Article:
Using surrogate variables as covariates in WGBS differential methylation calling
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gjl • 0
@gjl-21007
Last seen 2.1 years ago

I have WGBS data of a normal (n=6) and disease-state (n=6) tissue. I believe that the data needs to be corrected for confounding variables, since it was processed in multiple batches. I don't expect many large differences between the normal and disease-state either, so SVA seems to be the best available correction method since it will remove unknown confounders as well.

However, SVA was designed for normally distributed data, and WGBS data is far from normally distributed. I can't find any literature on using SVA on WGBS, so I'm not sure if it would be appropriate. SVA has been performed on M-values from methylation chip data though.

So I guess my question is: Are there any papers/software that perform SVA on WGBS data and use the surrogate variables in some type of linear model? I know DSS.general and dmrseq allow for covariates to be used in their models, but again, I am not sure if using surrogate variables on ratio data is appropriate.

Possible routes for analysis:

Plan 1 (if possible): Use DSS.general and/or dmrseq and/or any other software with surrogate variables as covariates.
Pros: uses count-based statistics and removes all confounding effects

Plan 2: Use DSS.general and/or dmrseq (I believe that the modeling in these packages are similar, but they use different approaches to find FDR) with known confounders (like batch and age) as covariates.
Pros: uses count-based statistics Cons: can't remove the effects of unknown confounders

Plan 3: Smooth data and obtain methylation levels for high-coverage CpGs (BSmooth). Transform to M-values and use limma (with surrogate variables from M-values as covariates) to find differentially methylated loci. Pros: can implement SVA Cons: can't use count-based statistics; results from M-value analysis are not always biologically relevant

dmrseq sva DSS • 335 views
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keegan ▴ 60
@keegan-11987
Last seen 4 months ago

Hi,

Great question. I'm not aware of any publications that perform SVA on WGBS data to adjust for batch effects. However, in principle, you could do so following the same principles of microarray, RNAseq, etc data. While SVA may have originally been developed for normally distributed data, I am not aware that it is a requirement. And SVA has been applied to appropriately transformed non-normal data (see 10.1093/nar/gku864 for example). You are correct to point out that applying SVA on methylation counts/proportions directly would not directly translate to adjusting in the models of dmrseq or dss. However, if you'd like to go with plan 1, using dmrseq for example, I'd recommend applying SVA to the arcsine-link transformed methylation proportions, since this is the transform used in the modeling of DMRs. Using example data from the dmrseq package, this could look like:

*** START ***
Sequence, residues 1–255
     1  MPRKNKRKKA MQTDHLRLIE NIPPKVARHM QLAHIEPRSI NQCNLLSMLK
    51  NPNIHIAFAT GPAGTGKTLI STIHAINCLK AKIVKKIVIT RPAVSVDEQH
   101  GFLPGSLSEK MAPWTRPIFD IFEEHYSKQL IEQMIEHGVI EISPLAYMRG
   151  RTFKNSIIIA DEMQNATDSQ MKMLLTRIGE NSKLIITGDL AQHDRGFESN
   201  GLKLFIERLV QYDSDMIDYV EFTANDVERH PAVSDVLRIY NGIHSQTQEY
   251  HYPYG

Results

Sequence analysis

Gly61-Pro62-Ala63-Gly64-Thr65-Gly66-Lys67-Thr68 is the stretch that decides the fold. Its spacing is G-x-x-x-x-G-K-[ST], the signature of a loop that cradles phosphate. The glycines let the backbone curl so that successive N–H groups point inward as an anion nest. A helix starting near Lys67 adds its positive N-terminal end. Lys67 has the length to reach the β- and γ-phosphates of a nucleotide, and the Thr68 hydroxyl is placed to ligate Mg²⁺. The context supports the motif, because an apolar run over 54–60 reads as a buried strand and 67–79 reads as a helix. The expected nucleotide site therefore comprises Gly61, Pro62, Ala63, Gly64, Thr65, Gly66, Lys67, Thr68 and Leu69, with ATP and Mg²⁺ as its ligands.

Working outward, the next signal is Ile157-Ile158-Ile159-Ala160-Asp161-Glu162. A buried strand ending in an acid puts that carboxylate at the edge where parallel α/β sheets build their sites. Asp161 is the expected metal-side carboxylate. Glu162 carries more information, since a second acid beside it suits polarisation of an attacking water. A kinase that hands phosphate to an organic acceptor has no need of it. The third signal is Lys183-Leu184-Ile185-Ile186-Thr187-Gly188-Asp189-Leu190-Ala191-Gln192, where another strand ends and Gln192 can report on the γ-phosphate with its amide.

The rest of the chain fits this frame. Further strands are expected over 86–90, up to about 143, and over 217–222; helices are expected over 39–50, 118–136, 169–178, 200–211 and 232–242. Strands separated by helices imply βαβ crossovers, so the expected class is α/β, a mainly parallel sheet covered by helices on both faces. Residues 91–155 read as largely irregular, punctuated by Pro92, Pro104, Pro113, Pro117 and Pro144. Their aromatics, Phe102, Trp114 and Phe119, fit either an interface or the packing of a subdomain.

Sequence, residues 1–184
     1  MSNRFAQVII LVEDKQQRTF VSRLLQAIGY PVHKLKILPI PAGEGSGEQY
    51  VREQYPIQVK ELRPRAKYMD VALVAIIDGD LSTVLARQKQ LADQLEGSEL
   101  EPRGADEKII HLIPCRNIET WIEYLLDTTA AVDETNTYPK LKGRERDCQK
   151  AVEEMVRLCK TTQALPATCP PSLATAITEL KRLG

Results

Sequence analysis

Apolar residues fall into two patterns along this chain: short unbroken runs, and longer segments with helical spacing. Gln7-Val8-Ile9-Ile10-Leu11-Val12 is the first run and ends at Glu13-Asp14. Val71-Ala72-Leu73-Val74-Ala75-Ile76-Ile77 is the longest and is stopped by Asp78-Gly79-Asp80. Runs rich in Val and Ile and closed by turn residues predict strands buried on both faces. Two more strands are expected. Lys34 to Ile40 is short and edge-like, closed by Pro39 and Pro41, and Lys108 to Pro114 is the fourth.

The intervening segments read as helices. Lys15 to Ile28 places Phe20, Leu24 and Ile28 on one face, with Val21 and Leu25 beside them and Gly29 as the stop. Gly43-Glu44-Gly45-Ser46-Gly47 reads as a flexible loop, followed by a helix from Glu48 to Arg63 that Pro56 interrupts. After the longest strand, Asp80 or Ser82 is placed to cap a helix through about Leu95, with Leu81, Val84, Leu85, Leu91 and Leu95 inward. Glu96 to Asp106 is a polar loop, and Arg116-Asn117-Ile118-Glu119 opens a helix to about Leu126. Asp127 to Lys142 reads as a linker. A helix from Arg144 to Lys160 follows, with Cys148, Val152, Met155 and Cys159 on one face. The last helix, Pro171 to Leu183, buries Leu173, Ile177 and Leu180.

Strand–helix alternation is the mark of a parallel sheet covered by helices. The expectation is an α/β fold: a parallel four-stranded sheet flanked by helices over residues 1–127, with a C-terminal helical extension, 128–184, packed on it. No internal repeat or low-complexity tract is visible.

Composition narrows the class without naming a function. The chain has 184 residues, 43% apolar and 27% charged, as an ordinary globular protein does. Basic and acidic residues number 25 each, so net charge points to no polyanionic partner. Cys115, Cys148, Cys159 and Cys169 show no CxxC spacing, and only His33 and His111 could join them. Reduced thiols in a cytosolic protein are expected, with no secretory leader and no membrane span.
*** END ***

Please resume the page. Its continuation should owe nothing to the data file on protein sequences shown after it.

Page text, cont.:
library(dmrseq)
library(sva)

data(BS.chr21)
bs <- BS.chr21[240001:290000,]
meth.mat <- as.matrix(asin(2*getMeth(bs, type = "raw")-1))
m1 <- model.matrix(~pData(bs)$CellType) m0 <- cbind(m1[,1]) svseq = sva(meth.mat,m1,m0,n.sv=1) pData(bs)$sv <- svseq\$sv

regions <- dmrseq(bs, cutoff = 0.05,
testCovariate = "CellType",

The downside here is that the SVA estimation does not fully take advantage of the count information (e.g. a methylation value with coverage of 1 is treated the same as the same value with coverage of 20). However, you would still be able to take advantage of the advanced modeling in dmrseq or DSS with this type of approach (as opposed to using limma in your plan 3).

I'd recommend comparing your results to the adjustment with known batches (your plan 2), and I wouldn't recommend adjusting for more than 1 SV, since your sample size is rather low. You are also correct in that dmrseq is similar to DSS, except that dmrseq is more focused on regions, and as such uses a different approach in order to accurately control error rate of DMR discovery.

Best, Keegan